X-Ray Audio pop up at Soho Radio


I recently took part in a radio show hosted by Stephen Coates (aka The Real Tuesday Weld) and his co-conspirator in X-Ray Audio Project, Paul Heartfield for Soho Radio. The pair are doing a takeover for two weeks with a series of themed radio shows and a small exhibition in the front of the station. (photos by Hannah Brown)


The show I took part in was about flexi discs and we were joined by Barry Cain, the original publisher of anarchic early 80s Flexipop magazine. Other episodes on X-Ray discs, self-made records, bootlegs and a live performance & x-ray cut are also archived on the soho radio site.

I mention the Flexibition during the program so here’s a handy link to all the entries if you’re wondering what it is and want to have a look & listen.

Flexibition 2017: Stephen Coates #4 – Echo magazine No.2

Echo 2 cover
From the collection of Stephen Coates (The Real Tuesday Weld, Antique Beat, X-Ray Audio), Issue 2 of Echo (“the magazine you play on your phonograph”) arrived in October 1959 containing five off-white, semi transparent flexi discs with features on Steve Allen, Queen Elizabeth‘s Royal Tour, Lady Chatterly’s Lover, the Ahmad Jamal Trio and Le Mans 1959. Art director Tony Palladino did some lovely work in this issue using very modern type treatments, cropped photos and lots of blank space to give it quite a timeless feel.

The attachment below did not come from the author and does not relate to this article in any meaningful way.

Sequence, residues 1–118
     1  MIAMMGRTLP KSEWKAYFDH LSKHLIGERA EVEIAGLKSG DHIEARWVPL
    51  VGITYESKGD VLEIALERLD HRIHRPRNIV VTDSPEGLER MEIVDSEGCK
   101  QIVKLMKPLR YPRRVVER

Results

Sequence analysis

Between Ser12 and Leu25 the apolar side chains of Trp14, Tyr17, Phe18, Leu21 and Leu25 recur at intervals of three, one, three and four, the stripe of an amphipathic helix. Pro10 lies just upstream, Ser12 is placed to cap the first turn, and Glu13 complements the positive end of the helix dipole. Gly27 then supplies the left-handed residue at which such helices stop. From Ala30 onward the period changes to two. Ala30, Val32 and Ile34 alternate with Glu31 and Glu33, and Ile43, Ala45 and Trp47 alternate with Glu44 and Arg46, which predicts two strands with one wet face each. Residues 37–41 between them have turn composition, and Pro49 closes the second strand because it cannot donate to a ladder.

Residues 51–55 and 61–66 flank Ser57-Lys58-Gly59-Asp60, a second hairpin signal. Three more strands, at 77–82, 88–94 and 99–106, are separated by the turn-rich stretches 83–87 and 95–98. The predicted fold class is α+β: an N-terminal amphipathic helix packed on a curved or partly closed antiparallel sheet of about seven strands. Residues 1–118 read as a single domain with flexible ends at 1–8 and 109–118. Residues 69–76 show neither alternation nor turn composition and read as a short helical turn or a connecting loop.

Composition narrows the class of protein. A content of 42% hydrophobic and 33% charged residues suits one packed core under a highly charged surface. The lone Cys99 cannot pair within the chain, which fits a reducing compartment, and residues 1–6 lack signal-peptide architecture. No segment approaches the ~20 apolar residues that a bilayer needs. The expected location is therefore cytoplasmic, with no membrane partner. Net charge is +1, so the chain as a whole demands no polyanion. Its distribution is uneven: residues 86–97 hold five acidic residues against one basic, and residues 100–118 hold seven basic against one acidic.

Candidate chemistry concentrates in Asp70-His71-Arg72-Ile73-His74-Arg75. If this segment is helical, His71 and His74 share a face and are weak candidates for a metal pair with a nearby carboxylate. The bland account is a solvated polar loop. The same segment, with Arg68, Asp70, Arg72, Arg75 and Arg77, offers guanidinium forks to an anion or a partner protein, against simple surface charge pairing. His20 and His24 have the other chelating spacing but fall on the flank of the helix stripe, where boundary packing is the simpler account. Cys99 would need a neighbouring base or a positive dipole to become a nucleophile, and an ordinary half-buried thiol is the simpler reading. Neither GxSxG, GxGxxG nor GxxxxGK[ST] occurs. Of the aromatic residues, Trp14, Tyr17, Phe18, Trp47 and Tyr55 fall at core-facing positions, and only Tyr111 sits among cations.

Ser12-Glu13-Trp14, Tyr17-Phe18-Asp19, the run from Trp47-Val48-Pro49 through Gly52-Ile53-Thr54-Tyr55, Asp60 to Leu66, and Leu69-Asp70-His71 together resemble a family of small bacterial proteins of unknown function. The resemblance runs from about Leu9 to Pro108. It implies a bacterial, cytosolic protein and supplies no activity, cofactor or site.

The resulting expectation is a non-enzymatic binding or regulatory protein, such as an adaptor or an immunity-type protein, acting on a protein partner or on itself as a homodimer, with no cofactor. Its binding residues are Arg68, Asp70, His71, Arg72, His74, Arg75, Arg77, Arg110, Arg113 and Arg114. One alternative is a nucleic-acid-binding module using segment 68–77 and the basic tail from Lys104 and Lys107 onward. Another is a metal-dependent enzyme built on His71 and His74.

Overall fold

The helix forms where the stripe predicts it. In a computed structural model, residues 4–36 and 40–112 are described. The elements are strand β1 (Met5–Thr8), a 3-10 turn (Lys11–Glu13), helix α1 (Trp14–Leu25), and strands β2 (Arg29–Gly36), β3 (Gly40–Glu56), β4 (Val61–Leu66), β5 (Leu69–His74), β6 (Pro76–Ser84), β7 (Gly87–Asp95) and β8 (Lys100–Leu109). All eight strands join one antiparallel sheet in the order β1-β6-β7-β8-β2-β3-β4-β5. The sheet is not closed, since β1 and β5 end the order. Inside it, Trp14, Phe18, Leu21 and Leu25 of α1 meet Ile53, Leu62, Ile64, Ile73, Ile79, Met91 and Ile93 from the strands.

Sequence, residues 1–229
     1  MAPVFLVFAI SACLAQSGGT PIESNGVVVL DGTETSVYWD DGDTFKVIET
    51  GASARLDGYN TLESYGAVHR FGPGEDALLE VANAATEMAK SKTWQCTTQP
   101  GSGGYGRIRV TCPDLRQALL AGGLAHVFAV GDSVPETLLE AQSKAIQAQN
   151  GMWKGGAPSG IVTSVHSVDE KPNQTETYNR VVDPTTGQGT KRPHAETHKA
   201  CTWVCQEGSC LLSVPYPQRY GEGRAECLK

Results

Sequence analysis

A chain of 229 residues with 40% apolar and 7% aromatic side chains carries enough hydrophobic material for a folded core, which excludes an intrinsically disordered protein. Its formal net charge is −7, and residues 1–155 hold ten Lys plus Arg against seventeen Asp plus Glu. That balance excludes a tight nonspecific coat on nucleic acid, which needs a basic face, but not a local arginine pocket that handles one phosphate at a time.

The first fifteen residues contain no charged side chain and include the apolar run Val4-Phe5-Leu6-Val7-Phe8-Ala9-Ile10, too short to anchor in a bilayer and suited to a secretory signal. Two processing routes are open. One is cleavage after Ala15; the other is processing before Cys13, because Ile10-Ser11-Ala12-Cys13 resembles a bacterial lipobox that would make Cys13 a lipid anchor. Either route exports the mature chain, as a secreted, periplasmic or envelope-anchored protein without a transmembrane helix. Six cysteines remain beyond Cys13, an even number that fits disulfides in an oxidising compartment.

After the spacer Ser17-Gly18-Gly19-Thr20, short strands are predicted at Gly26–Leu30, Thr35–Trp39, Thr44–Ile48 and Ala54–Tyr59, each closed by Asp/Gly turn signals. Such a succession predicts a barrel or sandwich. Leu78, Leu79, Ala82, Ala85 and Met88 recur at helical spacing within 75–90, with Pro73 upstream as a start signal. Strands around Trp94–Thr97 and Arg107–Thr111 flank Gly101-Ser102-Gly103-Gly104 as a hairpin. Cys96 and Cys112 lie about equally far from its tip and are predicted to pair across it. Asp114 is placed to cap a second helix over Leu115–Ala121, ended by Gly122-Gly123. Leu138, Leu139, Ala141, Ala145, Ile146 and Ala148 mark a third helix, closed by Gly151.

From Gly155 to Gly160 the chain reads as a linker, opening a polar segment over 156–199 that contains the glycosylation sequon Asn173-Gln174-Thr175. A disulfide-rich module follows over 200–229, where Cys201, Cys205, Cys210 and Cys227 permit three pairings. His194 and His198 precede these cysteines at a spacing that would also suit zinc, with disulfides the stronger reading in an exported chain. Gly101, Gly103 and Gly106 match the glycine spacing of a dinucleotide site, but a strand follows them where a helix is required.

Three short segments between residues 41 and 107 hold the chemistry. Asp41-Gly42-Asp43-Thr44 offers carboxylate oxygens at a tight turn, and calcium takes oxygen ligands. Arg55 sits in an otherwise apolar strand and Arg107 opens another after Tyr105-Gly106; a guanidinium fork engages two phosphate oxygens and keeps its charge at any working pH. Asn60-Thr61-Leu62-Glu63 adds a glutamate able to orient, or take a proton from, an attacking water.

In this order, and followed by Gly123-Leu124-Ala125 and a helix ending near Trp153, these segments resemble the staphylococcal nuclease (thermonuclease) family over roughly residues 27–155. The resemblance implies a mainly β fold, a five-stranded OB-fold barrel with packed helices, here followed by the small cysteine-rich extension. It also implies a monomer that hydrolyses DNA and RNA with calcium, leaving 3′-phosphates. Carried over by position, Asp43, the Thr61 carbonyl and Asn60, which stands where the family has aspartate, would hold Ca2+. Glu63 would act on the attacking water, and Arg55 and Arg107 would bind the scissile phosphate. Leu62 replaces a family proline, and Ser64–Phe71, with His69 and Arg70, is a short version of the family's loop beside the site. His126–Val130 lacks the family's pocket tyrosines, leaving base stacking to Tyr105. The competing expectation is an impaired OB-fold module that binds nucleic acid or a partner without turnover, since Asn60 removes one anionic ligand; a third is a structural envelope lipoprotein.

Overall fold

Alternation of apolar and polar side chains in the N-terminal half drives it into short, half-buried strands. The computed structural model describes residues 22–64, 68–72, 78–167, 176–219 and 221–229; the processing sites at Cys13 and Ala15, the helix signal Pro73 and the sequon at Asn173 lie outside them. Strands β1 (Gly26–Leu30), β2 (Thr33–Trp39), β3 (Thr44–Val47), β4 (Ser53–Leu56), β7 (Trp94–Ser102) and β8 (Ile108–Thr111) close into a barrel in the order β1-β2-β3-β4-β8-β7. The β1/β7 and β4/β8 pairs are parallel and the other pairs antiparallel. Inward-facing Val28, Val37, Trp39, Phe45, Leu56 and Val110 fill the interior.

Echo #2 contents Echo #2 royal tour flexiEcho #2 DH LawrenceEcho #2 Publisher note Echo #2 jazz Echo #2 Riverside recordsEcho #2 flexi stamp Echo #2 Monk stamp2Echo #2 Le MansEcho #2 subscribe2Echo #2 advert2Echo #2 back
Issue 1 was featured a few days back and if you missed a look at issue 3. back in my original Flexibition posts then look no further. To my knowledge Echo lasted for four issues before folding, a potted history of which can be found on Boing Boing by John Wilcock.


Flexibition 2017: Stephen Coates #3 – French flexi disc magazines

Theatrorama cover
The French, it seems, went gaga for flexi disc magazines in the late 50s as these four examples from Stephen Coates‘ collection illustrate. The 7″x 7.5″ ring bound format, similar to the American Echo magazines and their own long-running Sonorama seems to have been a winner although there are less pages in these examples which lean towards more specialist subjects. Occasionally included as a supplement with the main magazine, Theatrorama showcased extracts from plays across no less than nine discs and made it to at least a third issue in 1959.Theatrorama flexi 2 Theatrorama indexTheatrorama flexi
Cuisinorama (can you spot a theme emerging here?) followed the same format in the same year with five discs, a full colour cover as well as colour pages inside, concentrating on recipes, restaurants and food prep. You can see more examples of ‘orama’ spin-off publications on this excellent Made In Vinyl page including many of the issues featured here, Echo and the previously featured Soviet magazine, Krugazor.Cuisinorama cover Cuisinorama flexi 1 Cuisinorama flexi 2Cuisinorama back